Tired of wiping down your car’s interior out of fear the COVID-19 virus might be laying in wait for you to come into contact with it? Don’t worry, you’re not alone. But there has to be a more efficient way to disinfect a car cabin, right?
Well, there is. In some countries, ambulances are commonly disinfected by way of ultraviolet light, with some vehicles even coming installed with UV lamps for this exact purpose. Emergency vehicle manufacturer Frazer did work for the San Antonio Fire Department earlier this month, mounting UV disinfection lamps on the ceilings of 18 of its vehicles.
The lamp used—the ADU-136 UV-C Ait and Surface Disinfection Lamp by EA Medical—kills germs and helps prevents the spread of viruses like the flu, the company says. It lasts 9,000 hours, uses Philips germicidal tubes which are supposedly easy to replace, and comes with a disinfection timer and welded lamp guard for extra durability.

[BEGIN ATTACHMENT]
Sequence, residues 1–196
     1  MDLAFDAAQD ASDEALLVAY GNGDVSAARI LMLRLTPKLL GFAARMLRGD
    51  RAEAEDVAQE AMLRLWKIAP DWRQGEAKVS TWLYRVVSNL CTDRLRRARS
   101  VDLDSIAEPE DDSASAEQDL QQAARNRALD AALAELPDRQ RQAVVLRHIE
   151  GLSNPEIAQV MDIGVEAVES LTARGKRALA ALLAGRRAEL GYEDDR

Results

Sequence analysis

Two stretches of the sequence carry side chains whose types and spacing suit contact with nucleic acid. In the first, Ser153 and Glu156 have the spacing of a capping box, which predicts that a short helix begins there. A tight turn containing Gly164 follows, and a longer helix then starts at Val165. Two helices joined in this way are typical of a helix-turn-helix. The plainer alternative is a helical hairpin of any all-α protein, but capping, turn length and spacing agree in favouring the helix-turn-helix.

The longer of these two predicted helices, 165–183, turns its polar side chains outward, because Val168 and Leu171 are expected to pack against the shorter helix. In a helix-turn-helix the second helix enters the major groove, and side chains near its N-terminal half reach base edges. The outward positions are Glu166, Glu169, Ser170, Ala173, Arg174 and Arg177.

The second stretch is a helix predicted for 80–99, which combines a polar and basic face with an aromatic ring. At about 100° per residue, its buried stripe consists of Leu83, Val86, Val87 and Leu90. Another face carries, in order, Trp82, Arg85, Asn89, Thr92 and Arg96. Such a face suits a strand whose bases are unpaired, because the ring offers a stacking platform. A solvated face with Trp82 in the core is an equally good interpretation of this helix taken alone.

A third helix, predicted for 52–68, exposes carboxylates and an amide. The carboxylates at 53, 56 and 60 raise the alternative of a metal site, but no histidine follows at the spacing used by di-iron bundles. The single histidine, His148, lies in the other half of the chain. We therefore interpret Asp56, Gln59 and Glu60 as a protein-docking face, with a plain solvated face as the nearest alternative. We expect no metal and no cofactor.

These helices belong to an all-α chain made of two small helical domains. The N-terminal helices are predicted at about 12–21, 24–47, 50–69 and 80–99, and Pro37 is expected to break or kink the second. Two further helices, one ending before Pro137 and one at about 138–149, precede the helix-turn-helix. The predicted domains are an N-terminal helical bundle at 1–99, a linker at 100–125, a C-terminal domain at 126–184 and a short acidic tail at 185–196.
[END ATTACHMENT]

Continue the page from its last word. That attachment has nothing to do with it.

San Antonio fire engineer William Shannon Weeks, though, says his department acquired the tech to battle more serious sicknesses like Ebola. “Our administration really looked at the UV light as able to get into the different cracks and crevices as well as something we can reliably use throughout our units,” he said.
Oh, by the way, you can’t switch UV lamps on inside vehicles that have occupants—it’s harmful to our skin. We wonder if any local ambulance units use the same kind of tech.